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This is not a blog which expresses instant opinions on current events. It rather uses incidents, books (old and new), links and papers as jumping-off points for some reflections about our social endeavours.
So old posts are as good as new! And lots of useful links!

Thursday, October 29, 2009


Basically Labour (despite all the brave words) is no different – it simply does not trust people. And let there be no bones about it – this is an issue of trust.
The delivery of public services involves different groups of people – political, administrative, professional (at national and local levels) and the citizen. Time was when local professionals were trusted to do the job - that's changed in Britain over the past 30 years as a layer of public managers have been inserted between the professional and central government.
In Scandinavia, however, local professionals and local politicians have seen their responsibilities increased in structural changes in the past few decades. It's well known that the excellent Finnish educational system gives large autonomy to the local actors. Is this coincidence - or cause and effect?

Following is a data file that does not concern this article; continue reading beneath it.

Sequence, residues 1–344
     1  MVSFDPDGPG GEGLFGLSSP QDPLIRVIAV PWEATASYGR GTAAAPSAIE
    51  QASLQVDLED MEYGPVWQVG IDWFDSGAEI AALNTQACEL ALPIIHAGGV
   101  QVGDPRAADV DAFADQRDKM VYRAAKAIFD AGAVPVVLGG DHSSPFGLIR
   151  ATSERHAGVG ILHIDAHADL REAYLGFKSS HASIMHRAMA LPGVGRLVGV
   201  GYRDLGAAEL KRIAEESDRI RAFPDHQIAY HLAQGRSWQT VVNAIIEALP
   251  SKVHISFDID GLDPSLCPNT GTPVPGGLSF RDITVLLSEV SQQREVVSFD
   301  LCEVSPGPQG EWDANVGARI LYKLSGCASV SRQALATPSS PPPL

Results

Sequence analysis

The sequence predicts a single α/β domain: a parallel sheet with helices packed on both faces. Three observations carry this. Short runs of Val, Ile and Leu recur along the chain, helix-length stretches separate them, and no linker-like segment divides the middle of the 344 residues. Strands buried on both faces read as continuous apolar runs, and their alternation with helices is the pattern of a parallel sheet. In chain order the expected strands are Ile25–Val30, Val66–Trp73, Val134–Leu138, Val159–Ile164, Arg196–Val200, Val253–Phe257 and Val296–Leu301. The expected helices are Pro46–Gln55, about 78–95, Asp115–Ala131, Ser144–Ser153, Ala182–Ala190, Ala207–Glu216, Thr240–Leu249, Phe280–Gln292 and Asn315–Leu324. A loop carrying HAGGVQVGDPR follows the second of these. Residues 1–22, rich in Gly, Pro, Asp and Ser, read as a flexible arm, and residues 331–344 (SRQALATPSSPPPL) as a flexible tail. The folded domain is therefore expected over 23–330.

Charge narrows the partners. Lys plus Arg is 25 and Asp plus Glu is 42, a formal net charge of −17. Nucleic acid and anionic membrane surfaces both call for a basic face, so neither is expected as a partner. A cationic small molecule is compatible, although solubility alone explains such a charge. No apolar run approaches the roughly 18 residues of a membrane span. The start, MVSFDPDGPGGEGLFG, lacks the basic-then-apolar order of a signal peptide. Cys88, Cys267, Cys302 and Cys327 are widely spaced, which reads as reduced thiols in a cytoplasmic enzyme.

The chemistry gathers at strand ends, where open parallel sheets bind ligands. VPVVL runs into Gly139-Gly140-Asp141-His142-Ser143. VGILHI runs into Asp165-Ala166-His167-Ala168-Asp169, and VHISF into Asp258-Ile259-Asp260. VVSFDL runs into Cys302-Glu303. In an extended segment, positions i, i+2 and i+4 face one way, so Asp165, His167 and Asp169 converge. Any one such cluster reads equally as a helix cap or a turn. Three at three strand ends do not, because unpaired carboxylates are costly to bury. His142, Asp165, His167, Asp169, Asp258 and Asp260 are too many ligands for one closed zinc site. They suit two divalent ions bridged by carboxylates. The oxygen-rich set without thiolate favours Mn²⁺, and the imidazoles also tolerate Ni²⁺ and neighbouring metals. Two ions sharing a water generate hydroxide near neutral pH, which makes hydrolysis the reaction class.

In other countries again managers in the private sector have been trusted to do a better job – and functions such as water, transport, health and social policy have been transferred to the private sector. And, in some countries (Switzerland, Germany), citizens themselves are trusted to play an important role.

I’m now beginning to understand rather better one of the quotations on my masthead - "We've spent half a century arguing over management methods. If there are solutions to our confusions over government, they lie in democratic not management processes" I liked this quotation but I have to say I never quite understood it. Was he really arguing that politicians knew best?
Clearly not – his reference was to the process by which a society deals with its problems. By central diktat – or by dialogue? People like Will Hutton tried to sell a different, more European, approach to Blair before he came to power – the name they used (the Stakeholder approach) clearly didn’t resonate.
Twenty years ago, Robert Putnam started a debate about trust and "social capital" which too rapidly got colonised by academics and international organisations. But there is an issue there we have to return to - how come that, within Europe, such different models of social trust exist? Is this in fact (as people like Leopold Kohr argued so eloquently 60 years ago) a function of scale? If so, does the recent Scottish experience thrown any light on this issue?

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